Depopulation already unleashed: Shocking new research finds prenatal exposure to endocrine disruptors can impact male fertility for generations

Tuesday, April 17, 2018
By Paul Martin

by: Ethan Huff
NaturalNews.com
Tuesday, April 17, 2018

The long-term negative effects of endocrine-disrupting chemicals, or EDCs, extend far beyond just the immediate generation exposed to them, new research has found.

Presented at ENDO 2018, the 100th annual meeting of the Endocrine Society, which took place in Chicago earlier this year, data compiled on EDC exposure revealed that pregnant women exposed to chemicals like bisphenol-A (BPA), a hormone-altering chemical commonly used in plastic containers and thermal receipt paper, passes on from one generation to the next.

The researchers looked specifically at the effects of di-(2-ethylhexyl) phthalate (DEHP), which is one of the most widely used EDCs. It’s commonly found in industrial and consumer products, including in polyvinyl chloride (PVC) piping and tubing, cosmetics, medical devices, and children’s plastic toys.

Male mice exposed to this chemical were observed to have significantly lower levels of testosterone in their blood, as well as decreased sperm count in their semen. As a result, these mice lost their fertility at a very young age when they should have still been fertile.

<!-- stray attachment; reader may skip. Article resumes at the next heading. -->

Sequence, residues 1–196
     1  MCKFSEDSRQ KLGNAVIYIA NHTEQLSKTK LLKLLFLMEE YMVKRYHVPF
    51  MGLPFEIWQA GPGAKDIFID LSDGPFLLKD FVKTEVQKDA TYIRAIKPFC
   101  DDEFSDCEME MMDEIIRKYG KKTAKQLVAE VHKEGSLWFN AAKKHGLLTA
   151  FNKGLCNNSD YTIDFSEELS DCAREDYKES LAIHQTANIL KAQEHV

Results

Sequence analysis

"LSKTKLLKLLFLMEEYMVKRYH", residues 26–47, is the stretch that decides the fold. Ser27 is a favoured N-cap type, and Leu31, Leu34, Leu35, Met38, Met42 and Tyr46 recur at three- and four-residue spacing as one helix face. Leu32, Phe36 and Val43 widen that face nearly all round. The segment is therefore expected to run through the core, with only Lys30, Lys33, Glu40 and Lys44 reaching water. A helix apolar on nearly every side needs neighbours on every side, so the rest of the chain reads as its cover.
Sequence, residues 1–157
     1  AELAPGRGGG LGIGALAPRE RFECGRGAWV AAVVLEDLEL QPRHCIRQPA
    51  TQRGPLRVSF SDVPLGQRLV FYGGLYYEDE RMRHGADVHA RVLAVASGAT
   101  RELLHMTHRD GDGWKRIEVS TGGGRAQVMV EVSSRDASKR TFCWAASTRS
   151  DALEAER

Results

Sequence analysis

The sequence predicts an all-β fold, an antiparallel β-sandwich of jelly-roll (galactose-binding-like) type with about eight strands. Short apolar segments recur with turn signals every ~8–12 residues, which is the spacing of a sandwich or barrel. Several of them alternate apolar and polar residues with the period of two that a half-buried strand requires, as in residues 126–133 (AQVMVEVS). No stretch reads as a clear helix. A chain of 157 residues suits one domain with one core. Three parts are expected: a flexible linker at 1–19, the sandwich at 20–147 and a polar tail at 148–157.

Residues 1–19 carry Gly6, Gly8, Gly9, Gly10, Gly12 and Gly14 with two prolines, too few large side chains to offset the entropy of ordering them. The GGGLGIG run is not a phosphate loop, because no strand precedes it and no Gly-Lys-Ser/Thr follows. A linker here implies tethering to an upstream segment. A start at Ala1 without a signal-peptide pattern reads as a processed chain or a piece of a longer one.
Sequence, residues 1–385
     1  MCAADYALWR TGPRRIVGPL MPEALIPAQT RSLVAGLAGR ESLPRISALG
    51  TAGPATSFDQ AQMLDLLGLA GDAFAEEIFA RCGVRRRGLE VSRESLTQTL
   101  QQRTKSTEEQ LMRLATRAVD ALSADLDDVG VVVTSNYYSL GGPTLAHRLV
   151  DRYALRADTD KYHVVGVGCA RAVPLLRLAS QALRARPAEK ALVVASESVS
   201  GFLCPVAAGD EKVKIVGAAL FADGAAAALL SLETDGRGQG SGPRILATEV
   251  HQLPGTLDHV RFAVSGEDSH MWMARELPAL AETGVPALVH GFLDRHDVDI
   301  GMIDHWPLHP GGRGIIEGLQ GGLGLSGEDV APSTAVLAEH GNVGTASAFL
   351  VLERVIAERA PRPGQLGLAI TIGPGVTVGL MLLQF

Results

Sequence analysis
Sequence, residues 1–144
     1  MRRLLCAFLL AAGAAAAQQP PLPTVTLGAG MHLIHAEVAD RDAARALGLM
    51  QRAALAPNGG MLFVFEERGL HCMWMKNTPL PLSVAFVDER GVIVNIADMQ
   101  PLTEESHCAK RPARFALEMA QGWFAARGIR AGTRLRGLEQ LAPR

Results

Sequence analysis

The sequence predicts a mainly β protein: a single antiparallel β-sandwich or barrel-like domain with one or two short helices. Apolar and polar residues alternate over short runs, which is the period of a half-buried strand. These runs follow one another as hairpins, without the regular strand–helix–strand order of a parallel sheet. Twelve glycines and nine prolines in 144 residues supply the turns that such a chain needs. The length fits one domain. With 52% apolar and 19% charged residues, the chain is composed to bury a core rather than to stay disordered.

“Most surprisingly, the male mice born to male mice that were exposed to DEHP also exhibited similar reproductive abnormalities – indicating prenatal exposure to DEHP can affect the fertility and reproductive capacity of more than one generation of offspring,” stated Radwa Barakat, B.V.S.C., M.Sc., from the University of Illinois at Urbana-Champaign’s College of Veterinary Medicine.

“Therefore, DEHP may be a contributing factor to the decreased sperm counts and qualities in modern men compared to previous generations.” [emphasis added]

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